And that, he said, is why that amino acid might be such an effective drug target, especially as humans don't seem to make beta amino acids at all. "You have to make an antibiotic look like something natural, only different. If you have something that's already different like a beta amino acid, you've potentially got a much better drug target because it involves chemistry that's comparatively rare in the cell. It's harder for the cell to try to alter its own chemistry to develop resistance," Ibba said.

From here, the researchers are observing cell behavior later in the protein-building process to figure out how this hijacked system actually gives Salmonella its virulence.

This work is supported by the National Institutes of Health, the Canada Institutes of Health Research, the Natural Sciences and Engineering Research Council of Canada and Ohio State.

Co-authors include Hervé Roy, a former Ohio State research scientist now at the University of Central Florida; S. Betty Zou and William Navarre of the University of Toronto; Tammy Bullwinkle of Ohio State's Department of Microbiology; and Benjamin Wolfe and Craig Forsyth of Ohio State's Department of Chemistry.

Contact: Michael Ibba, (614) 292-2120; Ibba.1@osu.edu
Written by Emily Caldwell, (614) 292-8310; Caldwell.151@osu.edu

Michael Ibba | EurekAlert!
Further information:
http://www.osu.edu

All articles from Life Sciences >>>

The most recent press releases about innovation >>>

Die letzten 5 Focus-News des innovations-reports im Überblick:

Im Focus: In best circles: First integrated circuit from self-assembled polymer

For the first time, a team of researchers at the Max-Planck Institute (MPI) for Polymer Research in Mainz, Germany, has succeeded in making an integrated circuit (IC) from just a monolayer of a semiconducting polymer via a bottom-up, self-assembly approach.

In the self-assembly process, the semiconducting polymer arranges itself into an ordered monolayer in a transistor. The transistors are binary switches used...

Im Focus: Demonstration of a single molecule piezoelectric effect

Breakthrough provides a new concept of the design of molecular motors, sensors and electricity generators at nanoscale

Researchers from the Institute of Organic Chemistry and Biochemistry of the CAS (IOCB Prague), Institute of Physics of the CAS (IP CAS) and Palacký University...

Im Focus: Hybrid optics bring color imaging using ultrathin metalenses into focus

For photographers and scientists, lenses are lifesavers. They reflect and refract light, making possible the imaging systems that drive discovery through the microscope and preserve history through cameras.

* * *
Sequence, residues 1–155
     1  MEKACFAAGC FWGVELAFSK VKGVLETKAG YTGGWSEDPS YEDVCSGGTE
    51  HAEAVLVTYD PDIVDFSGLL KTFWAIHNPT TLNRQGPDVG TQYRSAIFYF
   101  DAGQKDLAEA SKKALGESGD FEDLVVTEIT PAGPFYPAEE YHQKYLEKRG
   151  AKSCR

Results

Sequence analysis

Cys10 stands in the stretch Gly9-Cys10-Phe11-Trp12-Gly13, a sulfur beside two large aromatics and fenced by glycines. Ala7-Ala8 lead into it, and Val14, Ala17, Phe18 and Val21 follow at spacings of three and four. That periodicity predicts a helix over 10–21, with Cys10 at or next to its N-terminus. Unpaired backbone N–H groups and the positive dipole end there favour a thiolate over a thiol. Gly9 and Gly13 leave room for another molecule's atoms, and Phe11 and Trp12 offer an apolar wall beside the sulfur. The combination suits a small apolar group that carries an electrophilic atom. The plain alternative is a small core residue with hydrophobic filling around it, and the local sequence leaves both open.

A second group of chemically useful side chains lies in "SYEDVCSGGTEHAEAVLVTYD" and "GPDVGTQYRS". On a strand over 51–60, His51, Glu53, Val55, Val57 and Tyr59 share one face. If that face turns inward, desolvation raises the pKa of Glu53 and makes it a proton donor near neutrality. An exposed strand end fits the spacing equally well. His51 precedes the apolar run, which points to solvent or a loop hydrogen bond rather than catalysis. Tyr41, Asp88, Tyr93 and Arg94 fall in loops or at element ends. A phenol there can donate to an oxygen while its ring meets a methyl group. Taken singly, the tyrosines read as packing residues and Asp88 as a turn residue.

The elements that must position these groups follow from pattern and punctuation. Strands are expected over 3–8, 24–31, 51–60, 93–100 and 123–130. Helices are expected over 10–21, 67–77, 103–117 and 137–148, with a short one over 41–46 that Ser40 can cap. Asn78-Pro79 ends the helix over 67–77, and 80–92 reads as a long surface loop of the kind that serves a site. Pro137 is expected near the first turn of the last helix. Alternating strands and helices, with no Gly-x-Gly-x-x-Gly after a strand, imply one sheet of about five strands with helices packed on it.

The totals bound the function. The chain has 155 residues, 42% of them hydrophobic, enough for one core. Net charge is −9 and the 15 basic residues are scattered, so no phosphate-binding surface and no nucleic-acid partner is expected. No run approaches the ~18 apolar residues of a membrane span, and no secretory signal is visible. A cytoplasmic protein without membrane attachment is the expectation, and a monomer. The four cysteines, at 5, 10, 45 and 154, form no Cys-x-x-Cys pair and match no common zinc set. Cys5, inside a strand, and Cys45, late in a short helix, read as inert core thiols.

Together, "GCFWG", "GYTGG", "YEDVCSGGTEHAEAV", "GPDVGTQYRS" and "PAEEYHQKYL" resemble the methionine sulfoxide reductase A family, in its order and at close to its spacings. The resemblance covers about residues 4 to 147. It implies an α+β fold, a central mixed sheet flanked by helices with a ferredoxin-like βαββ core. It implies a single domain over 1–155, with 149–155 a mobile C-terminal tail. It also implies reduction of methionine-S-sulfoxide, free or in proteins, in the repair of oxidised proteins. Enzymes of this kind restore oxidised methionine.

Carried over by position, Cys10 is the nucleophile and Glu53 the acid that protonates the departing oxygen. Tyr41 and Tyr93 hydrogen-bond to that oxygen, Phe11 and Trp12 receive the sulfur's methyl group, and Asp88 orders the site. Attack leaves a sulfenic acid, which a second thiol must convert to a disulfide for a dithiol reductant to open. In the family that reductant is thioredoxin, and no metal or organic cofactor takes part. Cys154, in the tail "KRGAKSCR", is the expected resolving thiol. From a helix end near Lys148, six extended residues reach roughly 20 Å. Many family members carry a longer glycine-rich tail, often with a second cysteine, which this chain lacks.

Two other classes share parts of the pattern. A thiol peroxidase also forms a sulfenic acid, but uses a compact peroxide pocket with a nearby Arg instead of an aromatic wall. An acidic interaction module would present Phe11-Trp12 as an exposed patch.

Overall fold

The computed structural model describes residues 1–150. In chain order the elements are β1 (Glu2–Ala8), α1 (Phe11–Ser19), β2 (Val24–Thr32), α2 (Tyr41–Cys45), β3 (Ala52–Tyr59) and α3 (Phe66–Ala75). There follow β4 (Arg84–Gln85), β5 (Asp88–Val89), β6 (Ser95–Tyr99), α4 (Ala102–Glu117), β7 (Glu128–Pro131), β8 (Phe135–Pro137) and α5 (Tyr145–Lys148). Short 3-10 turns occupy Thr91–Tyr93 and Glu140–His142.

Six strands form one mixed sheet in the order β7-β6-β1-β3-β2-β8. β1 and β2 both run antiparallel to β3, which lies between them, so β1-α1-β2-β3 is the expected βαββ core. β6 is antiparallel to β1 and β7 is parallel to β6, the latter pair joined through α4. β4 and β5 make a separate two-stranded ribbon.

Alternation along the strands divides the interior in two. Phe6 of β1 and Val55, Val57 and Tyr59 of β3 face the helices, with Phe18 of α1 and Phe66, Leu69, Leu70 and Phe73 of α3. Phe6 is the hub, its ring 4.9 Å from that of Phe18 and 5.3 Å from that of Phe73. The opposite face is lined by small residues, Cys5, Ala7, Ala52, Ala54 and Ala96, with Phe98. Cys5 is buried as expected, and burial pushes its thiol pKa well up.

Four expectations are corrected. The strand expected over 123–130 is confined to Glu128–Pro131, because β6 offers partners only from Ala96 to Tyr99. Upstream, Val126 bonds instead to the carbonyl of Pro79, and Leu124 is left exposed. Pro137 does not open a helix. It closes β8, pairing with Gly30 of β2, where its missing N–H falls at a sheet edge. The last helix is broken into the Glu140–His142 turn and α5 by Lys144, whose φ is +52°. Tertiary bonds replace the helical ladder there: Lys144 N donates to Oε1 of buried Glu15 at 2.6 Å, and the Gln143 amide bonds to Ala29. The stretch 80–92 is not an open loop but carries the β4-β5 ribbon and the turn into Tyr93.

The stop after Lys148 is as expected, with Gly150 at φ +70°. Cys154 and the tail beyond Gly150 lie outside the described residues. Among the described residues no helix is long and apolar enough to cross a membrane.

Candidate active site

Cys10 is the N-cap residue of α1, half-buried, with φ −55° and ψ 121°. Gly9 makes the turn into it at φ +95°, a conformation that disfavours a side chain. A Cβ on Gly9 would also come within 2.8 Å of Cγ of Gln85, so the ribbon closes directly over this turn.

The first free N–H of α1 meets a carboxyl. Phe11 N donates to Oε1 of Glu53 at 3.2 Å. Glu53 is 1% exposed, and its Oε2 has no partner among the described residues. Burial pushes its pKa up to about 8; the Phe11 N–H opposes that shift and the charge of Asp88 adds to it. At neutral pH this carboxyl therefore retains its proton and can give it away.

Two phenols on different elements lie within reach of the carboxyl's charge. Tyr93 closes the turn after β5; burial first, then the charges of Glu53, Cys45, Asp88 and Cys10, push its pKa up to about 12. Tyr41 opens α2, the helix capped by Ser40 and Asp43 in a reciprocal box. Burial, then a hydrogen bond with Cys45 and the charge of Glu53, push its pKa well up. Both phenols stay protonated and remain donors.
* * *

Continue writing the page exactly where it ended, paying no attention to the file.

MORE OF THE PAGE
But today's glass-based lenses are bulky and resist miniaturization. Next-generation technologies, such as ultrathin cameras or tiny microscopes, require...

Im Focus: Stem cell divisions in the adult brain seen for the first time

Scientists from the University of Zurich have succeeded for the first time in tracking individual stem cells and their neuronal progeny over months within the intact adult brain. This study sheds light on how new neurons are produced throughout life.

The generation of new nerve cells was once thought to taper off at the end of embryonic development. However, recent research has shown that the adult brain...

Im Focus: Interference as a new method for cooling quantum devices

Theoretical physicists propose to use negative interference to control heat flow in quantum devices. Study published in Physical Review Letters

Quantum computer parts are sensitive and need to be cooled to very low temperatures. Their tiny size makes them particularly susceptible to a temperature...

All Focus news of the innovation-report >>>

Anzeige

Anzeige

VideoLinks
Industry & Economy
Event News

2nd International Conference on High Temperature Shape Memory Alloys (HTSMAs)

15.02.2018 | Event News

Aachen DC Grid Summit 2018

13.02.2018 | Event News

How Global Climate Policy Can Learn from the Energy Transition

12.02.2018 | Event News

 
Latest News

Researchers invent tiny, light-powered wires to modulate brain's electrical signals

21.02.2018 | Life Sciences

The “Holy Grail” of peptide chemistry: Making peptide active agents available orally

21.02.2018 | Life Sciences

Atomic structure of ultrasound material not what anyone expected

21.02.2018 | Materials Sciences

VideoLinks
Science & Research
Overview of more VideoLinks >>>